Sunday, Oct 3, 8 AM

6th Annual Kelsey Bradley Favrot Memorial 5K Run/Walk

Virtual
$15 off for youths & seniors. $5 off for groups/teams., $30.00-$35.00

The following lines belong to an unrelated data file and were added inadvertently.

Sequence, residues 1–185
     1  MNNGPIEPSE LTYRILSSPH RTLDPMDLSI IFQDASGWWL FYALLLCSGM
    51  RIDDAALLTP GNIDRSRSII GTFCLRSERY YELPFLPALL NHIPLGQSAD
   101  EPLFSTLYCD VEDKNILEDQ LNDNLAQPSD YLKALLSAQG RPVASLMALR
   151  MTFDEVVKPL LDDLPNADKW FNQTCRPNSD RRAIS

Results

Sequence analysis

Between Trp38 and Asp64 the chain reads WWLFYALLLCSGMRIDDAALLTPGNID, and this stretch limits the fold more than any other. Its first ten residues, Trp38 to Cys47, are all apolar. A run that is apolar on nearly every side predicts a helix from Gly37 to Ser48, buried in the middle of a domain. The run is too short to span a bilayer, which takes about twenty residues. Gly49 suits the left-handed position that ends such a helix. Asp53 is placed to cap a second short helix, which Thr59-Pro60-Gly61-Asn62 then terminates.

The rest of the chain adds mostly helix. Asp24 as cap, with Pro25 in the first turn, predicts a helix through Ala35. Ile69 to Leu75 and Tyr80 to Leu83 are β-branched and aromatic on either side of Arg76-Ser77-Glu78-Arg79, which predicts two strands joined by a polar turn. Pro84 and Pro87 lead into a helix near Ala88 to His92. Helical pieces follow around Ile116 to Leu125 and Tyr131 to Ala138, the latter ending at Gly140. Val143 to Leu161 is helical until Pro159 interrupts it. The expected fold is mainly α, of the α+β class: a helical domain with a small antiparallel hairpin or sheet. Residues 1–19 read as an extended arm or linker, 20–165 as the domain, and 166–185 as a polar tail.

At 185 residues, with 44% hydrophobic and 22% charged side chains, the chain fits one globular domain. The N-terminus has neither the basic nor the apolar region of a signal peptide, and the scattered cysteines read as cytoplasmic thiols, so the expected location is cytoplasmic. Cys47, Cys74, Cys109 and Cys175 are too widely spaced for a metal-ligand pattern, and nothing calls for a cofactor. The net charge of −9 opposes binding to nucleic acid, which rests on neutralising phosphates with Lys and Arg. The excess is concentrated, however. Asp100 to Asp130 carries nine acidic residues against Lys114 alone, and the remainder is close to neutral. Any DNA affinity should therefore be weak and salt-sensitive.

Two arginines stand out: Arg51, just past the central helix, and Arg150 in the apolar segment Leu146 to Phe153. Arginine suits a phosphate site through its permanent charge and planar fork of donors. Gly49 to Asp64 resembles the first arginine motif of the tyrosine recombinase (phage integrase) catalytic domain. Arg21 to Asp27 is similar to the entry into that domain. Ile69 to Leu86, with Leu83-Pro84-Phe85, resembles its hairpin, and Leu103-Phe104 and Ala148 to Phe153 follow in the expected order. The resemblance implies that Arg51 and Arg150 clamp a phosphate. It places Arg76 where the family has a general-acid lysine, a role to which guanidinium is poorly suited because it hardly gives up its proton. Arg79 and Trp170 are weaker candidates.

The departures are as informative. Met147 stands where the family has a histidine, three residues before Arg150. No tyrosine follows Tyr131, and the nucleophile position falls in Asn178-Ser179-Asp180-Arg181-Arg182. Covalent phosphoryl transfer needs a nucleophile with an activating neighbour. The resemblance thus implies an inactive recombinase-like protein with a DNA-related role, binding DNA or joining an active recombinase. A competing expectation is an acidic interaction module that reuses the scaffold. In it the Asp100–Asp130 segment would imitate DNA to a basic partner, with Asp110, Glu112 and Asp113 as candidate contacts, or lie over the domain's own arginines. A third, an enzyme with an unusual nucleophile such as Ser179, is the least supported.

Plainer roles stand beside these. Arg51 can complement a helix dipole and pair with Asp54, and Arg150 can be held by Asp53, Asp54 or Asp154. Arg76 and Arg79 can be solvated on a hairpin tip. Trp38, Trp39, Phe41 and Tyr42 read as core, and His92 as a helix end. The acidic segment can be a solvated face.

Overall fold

The race is on! The 6th Annual Kelsey Bradley Favrot Memorial 5K Run/Walk is Sunday, Oct. 3, 2021. Participate via our Virtual Run/Walk option After a one-year hiatus due to the pandemic, the Kelsey Bradley Favrot Memorial 5K Run/Walk will take place on Sunday, Oct. 3 in New Orleans. All proceeds from the event will go toward expanding pediatric neuro-oncology care at LSU Neurosurgery New Orleans. Runners/Walkers of all ages can register to participate virtually, from any location, at any time prior to Oct. 3. Registrations are now open for the virtual race. All registrants receive a commemorative t-shirt and race bib. Visit the registration page for instructions for the virtual event. This marks the 6th year for the fundraising run/walk honoring the late Kelsey Favrot’s wish that neuro-oncology care in New Orleans be among the best in the country so patients would not have to travel out of town for treatment. As a result of these efforts, neuro-oncology care has expanded at LSU Health New Orleans, Department of Neurosurgery. Dr. Aaron Mammoser is now in his 5th year as the Kelsey Bradley Favrot Chair in Neuro-Oncology, treating patients and overseeing several clinical trials for brain tumor patients. Entry fees: $30 pre-registration; $35 race day; $15 discount for youths and seniors Save $5.00 on registration fees by creating a group or team. Online registration and donations: kelseysgoal.com. Sponsorships are available by calling Wendy Roark in the LSU Neurosurgery Department at (504) 568-2582. On January 8th, 2008, Kelsey Favrot was diagnosed with a malignant brain tumor known as Gliomatosis Cerebri. During the next 20 months, Kelsey underwent surgery, radiation and chemotherapy with courage, hope and grace. Unfortunately, she had to receive treatment out of town because none of the hospitals in New Orleans had a physician whose primary focus was neuro-oncology. The distance was a hardship for Kelsey, her family and friends, who would have preferred she remain in New Orleans for care so they could be at her side. Throughout her treatment, Kelsey expressed concern for those brain cancer patients unable to travel out of state, whether constrained by their illness or financial considerations. With characteristic determination, Kelsey began to explore ways to assist those who would face a brain cancer diagnosis in the future. Kelsey succumbed to brain cancer in August 2009.